Wednesday, 14 November 2018


My motorbike is trying to kill me. The last set of rear brake pads lasted less than a year and the anti-rattle clips are now misshapen. I changed the pads, put the new ones in crooked and destroyed them when I put the brake on. I cut those ones out and put another set in more carefully. The brakes were wonderfully effective and the bike passed its MOT. Within a few days the brake felt awful again and I was horrified to discover that one of the (two) bolts that hold the calliper on was missing. I thought it was so dangerous that I actually came to work in a car one day last week.

Maybe I didn't torque it up correctly, but I don't think that's the explanation. I think something is out of shape and I was tightening it up pad to rotor, not calliper to swing arm. I've got a new bolt and while I'm frightened that the same thing is going to happen I can't be bothered to take a torque wrench to the back of my bike every time I leave the house. That's fine I thought. I've got a little tube of anti-sabotage lacquer, that'll make it obvious if the bolt is working loose. Of course it's so old that it's gone off. So old in fact that the company that makes it hasn't even existed for nearly three years, and all google tells you about it is what products it has been replaced by.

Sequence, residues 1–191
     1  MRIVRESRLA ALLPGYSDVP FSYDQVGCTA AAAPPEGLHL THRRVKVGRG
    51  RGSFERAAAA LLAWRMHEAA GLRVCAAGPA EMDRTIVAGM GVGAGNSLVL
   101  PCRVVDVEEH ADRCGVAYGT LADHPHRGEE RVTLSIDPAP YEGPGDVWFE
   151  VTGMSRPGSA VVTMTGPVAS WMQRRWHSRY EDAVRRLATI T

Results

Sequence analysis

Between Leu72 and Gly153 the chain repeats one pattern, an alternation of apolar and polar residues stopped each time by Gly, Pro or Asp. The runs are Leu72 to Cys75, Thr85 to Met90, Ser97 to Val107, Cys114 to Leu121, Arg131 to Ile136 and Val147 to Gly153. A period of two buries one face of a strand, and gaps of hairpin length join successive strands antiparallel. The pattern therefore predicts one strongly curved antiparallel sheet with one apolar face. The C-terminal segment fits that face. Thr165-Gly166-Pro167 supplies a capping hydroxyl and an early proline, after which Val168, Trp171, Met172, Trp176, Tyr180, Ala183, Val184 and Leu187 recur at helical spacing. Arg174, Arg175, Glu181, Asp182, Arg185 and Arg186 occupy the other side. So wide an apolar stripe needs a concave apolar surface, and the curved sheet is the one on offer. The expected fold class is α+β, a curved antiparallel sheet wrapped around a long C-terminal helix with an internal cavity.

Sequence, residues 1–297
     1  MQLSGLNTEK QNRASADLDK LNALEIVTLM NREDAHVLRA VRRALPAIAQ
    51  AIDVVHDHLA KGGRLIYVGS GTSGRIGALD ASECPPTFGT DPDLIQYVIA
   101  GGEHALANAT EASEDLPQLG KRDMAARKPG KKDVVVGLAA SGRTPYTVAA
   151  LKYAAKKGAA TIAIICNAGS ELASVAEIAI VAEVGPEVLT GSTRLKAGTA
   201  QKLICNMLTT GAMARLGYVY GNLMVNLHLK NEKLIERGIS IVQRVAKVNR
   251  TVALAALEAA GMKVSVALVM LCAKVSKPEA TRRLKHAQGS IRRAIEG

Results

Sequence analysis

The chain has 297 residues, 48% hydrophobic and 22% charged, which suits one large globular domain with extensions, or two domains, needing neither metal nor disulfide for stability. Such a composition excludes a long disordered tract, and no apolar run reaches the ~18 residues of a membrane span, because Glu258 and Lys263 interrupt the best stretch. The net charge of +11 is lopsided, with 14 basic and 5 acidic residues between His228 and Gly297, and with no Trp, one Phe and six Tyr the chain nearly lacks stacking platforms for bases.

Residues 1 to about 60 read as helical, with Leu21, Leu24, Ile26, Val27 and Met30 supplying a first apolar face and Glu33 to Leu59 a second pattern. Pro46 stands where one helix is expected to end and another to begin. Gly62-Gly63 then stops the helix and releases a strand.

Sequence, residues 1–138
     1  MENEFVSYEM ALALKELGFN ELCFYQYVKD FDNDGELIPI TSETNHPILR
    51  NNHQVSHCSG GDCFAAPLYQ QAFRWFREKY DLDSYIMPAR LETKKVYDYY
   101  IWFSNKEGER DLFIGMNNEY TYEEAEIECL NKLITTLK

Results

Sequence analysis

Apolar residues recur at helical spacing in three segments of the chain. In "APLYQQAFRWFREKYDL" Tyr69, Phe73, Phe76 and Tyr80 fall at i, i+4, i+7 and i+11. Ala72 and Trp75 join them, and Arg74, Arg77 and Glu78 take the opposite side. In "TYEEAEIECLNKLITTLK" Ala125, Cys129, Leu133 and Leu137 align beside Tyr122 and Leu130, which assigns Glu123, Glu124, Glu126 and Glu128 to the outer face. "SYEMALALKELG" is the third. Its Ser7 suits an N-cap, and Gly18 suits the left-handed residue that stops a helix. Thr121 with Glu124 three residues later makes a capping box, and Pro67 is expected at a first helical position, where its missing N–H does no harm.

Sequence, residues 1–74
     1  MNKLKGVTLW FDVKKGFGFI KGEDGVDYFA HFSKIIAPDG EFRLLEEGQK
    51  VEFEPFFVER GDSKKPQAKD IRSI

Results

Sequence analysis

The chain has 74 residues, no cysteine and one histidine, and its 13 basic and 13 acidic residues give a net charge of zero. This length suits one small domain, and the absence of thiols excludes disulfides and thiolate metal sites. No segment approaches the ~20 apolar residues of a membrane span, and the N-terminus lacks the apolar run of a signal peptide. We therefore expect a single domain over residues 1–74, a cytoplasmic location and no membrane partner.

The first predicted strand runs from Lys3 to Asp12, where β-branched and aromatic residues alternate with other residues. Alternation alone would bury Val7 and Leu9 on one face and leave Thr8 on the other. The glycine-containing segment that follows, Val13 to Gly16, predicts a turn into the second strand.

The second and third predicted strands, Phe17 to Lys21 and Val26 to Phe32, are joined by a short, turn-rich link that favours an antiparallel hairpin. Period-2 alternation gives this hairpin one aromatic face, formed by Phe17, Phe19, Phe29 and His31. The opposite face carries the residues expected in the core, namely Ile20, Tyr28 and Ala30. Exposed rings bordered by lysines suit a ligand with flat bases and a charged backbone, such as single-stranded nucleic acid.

In other news: I was very disappointed that it wasn't international double-entendre day last week. A young buxom woman was getting out of my car while trying to carry two bags of hot food and four large soft drinks all jammed into one of those compressed-cardboard carries that fast-food places give you. "Do you want a hand?" "I might" she said "These are large and a bit wobbly."

Richard "I'll say" B

Tuesday, 6 November 2018

Say My Name

You can express a certain amount of sentiment with how you store somebody's name in your phone. Years ago I was hurt to discover that my girlfriend had me in her phone as "Bolingbroke, R" – as though she wasn't even on first name terms with me. There was so much mickey taking that all my friends changed my contact details to the same thing, and I think that some of them are like that to this day.